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Review of Windtech Pulsar
by Norbert Aprissnig

Review courtesy of Gleitschirm Magazine

Translated from German by Verena Burns.

The Spanish producer Windtech pulled-off something of a coup in the DHV 1-2 category with their highly acclaimed Serak. Gleitschirm tested it’s successor, the Pulsar.

To beat a successful model is a particularly difficult task for any manufacturer. In the case of a successor for the Serak, the objectives for Windtech constructor Alvaro Valdes were clearly set, but hard to realize: Keep the advantages of the Serak, increase the performance and eliminate any down sides. The Serak’s all-round harmonic performance, manoeuvrability and handling was very much appreciated by pilots, so it’s difficult to find many downsides. Perhaps I would like a little more roll stability, and there is some potential to improve it’s climb-rate in weak thermals. Some pilots found it a little more difficult to get maximum height gains in the weakest conditions because of the high trim-speed and the tendency of the Serak to bank-up high.

The Windtech Pulsar is available in 4 sizes. DHV 1-2 for the models 25, 27, 30. The small 23 got AFNOR Standard. The old DHV criteria was still in use at the time the Pulsar was tested. This is important if you compare it with other DHV 1-2’s as the Nova Syntax, Swing Mistral 3, Airwave Sport 2 or Gradient Golden. The pendulum stability of these gliders was tested using the new DHV criteria which effects the dynamics after collapses, and possibly also the banking. We tested a Pulsar size 27.

Construction and Finish

Risers and lines are tidily sewn, the Pulsar strikes with high quality material like AustriAlpin metal pulleys and magnetic brake-handle clips

The general shape looks quite similar to the Serak. Chief Designer at Windtech, Alvaro Valdes increased the Aspect Ratio very little to 5.13. The wing is made of 52 cells and different diagonal rib systems are used inside it to achieve a homogeneous wing. “To use the diagonal-rib systems effectively you have to adapt it exactly to the different parts of the glider” says Valdes. It requires more effort on the sewing but helps improve the glider’s performance. In general the seams on the Pulsar are of high quality and very cleanly made, line connections tightly sewn-in, tidy and hemmed edges show a high-quality finish. All internal seams are turned tidily inside (i.e. top and bottom surfaces) inclusive of the Design changes - which must take some skill with the new ‘zigzag’ Windtech design. The Kevlar lines of different diameters are also cleanly-sewn. Windtech used Dyneema material only on the lower brake-lines. The risers are also very tidy and feature AustriAlpin metal pulleys and magnetic brake handle clips. The lines are fixed with plastic karabiner clips and round of the impression of high quality. We measured accelerator line travel of 35cms - the highest in this category. Depending on your harness you might well need another step on your speedbar.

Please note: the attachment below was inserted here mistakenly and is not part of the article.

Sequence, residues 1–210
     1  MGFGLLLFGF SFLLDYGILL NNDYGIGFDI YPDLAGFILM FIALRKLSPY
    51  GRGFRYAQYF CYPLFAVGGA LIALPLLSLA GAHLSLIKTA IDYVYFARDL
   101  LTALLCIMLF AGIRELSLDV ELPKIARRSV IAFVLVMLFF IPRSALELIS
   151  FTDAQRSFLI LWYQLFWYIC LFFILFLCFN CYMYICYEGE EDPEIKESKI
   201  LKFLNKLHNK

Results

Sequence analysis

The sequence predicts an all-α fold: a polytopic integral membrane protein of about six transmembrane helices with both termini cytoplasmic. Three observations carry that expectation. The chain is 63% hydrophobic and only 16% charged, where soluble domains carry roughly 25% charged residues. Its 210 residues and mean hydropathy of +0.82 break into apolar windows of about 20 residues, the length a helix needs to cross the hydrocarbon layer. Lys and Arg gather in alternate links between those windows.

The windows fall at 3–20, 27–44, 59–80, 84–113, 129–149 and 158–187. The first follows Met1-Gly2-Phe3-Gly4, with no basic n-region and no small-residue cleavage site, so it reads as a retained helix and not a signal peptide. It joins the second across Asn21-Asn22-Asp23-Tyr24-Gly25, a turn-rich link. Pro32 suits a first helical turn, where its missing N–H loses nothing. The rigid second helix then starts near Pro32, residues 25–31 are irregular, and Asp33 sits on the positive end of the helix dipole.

Launch Characteristics

Launching the Pulsar leaves nothing to ask for. The wing rises easily and fills with air evenly above the pilot. I could not find any tendency to either overshoot or hang-back. Reverse launching in strong conditions I would advise to pull the A-riser up fairly quickly. Avoid corrections during the first phase of the launch which make it difficult to control. Once the wing is above the pilot the control is simple and easy and great fun to ground handle.

Flight Characteristics

I still remembered the performance and feel of the Serak and therefore was particularly looking forward to flying it’s successor. My first impressions (and they’re usually best) were: a subtler-feeling wing, easier brake pressure, very good handling (like the Serak) but it felt slightly different and it’s trimmed a touch slower (confirmed by measurements later). I did not want to just go on memory, so I flew a Serak 27 again, only to confirm my first impressions on the Pulsar.

The smoother and slightly subtler-feeling of this wing makes it easier to find the lift in weak conditions. The Pulsar turns nice and flat in weak lift, using weight shift and brake input. Losing out on performance, due to banking too high, is not likely and that is also helped by the slower trim speed. The Serak sported a sensational 38km/h, whereas the Pulsar sits more within it’s category at 37km/h. Amazing what a difference 1km/h makes in the world of thermic flying!